“I swear to devote all my efforts to looking after the Gabonese people … to respect and defend the constitution and the rule of law and to conscientiously carry out my job by being fair to all,” Rogombe said, one hand on Gabon’s constitution. Rogombe’s time in power as interim leader can be extended in case of force majeur, said Marie Madeleine Mborantsouo, who swore in the new president on Wednesday in her position as head of the Constitutional Court.
Bongo’s has been praised by some for maintaining stability in his own country and contributing to African peace efforts. But the last months of his life were equally overshadowed by investigations by a French judge into how much money he and his family allegedly stole from the state coffers during his time in power, which has left most ordinary people mired in poverty.
Sixteen bodies pulled from the Atlantic Ocean Tuesday were taken to Fernando de Noronha for transportation Wednesday afternoon by helicopter to the air base in Recife, Brazil.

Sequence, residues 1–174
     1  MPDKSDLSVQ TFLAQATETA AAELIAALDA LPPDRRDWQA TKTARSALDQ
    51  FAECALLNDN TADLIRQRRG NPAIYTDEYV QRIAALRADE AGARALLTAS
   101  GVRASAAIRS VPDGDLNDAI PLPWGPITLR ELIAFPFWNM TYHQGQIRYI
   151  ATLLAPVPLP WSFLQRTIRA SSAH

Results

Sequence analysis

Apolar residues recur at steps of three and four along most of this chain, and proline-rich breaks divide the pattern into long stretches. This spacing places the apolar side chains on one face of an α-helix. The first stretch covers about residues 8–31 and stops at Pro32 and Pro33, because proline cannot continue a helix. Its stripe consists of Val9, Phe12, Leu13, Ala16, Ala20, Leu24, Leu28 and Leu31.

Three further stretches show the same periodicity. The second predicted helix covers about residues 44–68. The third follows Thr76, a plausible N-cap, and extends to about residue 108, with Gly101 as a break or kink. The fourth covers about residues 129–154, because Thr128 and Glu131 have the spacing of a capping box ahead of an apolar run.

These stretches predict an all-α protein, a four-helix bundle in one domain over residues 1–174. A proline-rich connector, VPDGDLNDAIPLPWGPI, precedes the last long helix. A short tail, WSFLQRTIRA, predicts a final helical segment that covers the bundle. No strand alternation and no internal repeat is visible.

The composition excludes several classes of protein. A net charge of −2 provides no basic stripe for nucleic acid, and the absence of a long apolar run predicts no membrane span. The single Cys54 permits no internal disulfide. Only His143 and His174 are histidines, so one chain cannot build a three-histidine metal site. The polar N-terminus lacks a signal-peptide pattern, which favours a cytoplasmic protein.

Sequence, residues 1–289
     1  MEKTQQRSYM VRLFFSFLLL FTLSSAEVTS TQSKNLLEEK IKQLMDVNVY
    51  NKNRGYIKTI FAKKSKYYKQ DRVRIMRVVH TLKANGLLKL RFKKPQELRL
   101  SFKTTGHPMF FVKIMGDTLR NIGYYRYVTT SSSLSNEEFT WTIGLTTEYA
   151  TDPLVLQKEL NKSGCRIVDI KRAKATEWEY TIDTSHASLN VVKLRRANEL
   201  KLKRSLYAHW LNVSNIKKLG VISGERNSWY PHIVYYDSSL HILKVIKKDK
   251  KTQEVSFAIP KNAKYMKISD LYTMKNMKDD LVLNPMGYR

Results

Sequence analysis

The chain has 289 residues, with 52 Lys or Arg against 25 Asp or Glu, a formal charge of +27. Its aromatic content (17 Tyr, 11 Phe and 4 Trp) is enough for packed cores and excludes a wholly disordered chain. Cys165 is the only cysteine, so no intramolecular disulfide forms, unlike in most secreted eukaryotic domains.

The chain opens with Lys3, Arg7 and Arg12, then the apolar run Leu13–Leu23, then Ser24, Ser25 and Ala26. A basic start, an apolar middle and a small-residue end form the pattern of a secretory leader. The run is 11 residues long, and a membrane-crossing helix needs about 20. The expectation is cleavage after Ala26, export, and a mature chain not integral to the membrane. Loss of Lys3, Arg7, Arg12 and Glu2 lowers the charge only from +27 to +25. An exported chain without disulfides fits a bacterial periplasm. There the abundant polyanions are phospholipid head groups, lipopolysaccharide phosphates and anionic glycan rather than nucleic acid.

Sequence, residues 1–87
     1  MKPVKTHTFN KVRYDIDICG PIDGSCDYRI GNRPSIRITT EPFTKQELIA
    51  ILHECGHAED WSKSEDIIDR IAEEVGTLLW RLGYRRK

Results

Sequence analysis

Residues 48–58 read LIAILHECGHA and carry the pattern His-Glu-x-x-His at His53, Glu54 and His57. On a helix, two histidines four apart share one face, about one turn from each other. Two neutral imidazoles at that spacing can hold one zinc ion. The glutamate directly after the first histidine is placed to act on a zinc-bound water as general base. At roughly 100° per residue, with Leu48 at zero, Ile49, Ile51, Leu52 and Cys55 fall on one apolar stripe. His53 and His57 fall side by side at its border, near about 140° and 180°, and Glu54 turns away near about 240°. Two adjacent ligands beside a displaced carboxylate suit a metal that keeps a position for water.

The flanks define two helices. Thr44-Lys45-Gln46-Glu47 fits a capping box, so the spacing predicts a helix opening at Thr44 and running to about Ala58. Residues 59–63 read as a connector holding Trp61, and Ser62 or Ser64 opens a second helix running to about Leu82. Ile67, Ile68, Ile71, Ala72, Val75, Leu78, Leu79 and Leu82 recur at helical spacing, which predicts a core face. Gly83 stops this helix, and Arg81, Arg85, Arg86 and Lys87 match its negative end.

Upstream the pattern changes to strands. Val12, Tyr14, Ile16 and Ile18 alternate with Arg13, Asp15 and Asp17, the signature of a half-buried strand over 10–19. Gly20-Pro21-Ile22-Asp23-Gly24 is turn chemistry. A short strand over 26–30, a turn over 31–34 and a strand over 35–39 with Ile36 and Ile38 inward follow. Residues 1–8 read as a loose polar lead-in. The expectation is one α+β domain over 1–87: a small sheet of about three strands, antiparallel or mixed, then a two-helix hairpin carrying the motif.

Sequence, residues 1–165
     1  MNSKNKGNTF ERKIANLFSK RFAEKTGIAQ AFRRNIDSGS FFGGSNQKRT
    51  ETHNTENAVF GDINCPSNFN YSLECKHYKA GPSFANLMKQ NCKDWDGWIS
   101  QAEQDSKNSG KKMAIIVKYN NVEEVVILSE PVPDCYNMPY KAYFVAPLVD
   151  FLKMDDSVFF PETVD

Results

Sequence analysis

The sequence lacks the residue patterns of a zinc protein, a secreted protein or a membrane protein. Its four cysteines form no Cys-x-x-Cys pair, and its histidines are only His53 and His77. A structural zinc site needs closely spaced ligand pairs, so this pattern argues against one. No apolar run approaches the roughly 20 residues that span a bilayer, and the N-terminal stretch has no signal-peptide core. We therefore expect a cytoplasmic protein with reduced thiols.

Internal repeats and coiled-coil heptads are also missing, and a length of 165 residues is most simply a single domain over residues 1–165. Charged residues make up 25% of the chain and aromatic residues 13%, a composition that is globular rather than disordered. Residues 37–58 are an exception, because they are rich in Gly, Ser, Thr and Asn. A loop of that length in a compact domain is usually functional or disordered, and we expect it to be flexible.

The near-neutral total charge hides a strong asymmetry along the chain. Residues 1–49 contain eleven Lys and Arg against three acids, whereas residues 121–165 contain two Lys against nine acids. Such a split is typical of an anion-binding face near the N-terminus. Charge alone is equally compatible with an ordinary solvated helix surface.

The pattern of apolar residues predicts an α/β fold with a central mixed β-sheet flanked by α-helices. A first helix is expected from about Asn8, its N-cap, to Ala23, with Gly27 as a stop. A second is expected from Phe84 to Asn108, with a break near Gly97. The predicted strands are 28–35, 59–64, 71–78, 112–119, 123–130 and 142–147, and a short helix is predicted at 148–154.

The 25 bodies previously found were put aboard a Brazilian frigate.
Searches for the remaining bodies will continue overnight, the navy and aeronautical command said in a written statement.
The Airbus A330 crashed in the Atlantic Ocean June 1 en route from Rio de Janeiro, Brazil, to Paris, France, carrying 228 passengers and crew.
The first bodies were recovered about 320 kilometers (200 miles) northwest of the Brazilian archipelago of Saint Peter and Saint Paul; Tuesday’s recoveries were 80 kilometers (50 miles) away. It was not clear whether the bodies had drifted in the 1-2 knot currents or whether their separation suggested that the jet may have broken apart in the air.
Meanwhile, the French, who are leading the investigation, were increasing their naval efforts. The nuclear submarine Emeraude was expected to reach the search area Wednesday to search for wreckage, including the flight data recorder and cockpit voice recorder. And the French sent two tugs towing 40 tons of recovery equipment, a surveillance ship and a ship equipped for amphibious operations.
The United States is also sending equipment to help with the search.
The Federal Ministry of Health has confirmed the report that African Swine Flu has been discovered in a certain part of Delta state.
The Ministry, in a report by the special assistant on communication to the minister of health,Niyi Ojuolape, said the presence of the disease has been confirmed after consultation with the Delta State Ministries of Health and Agriculture.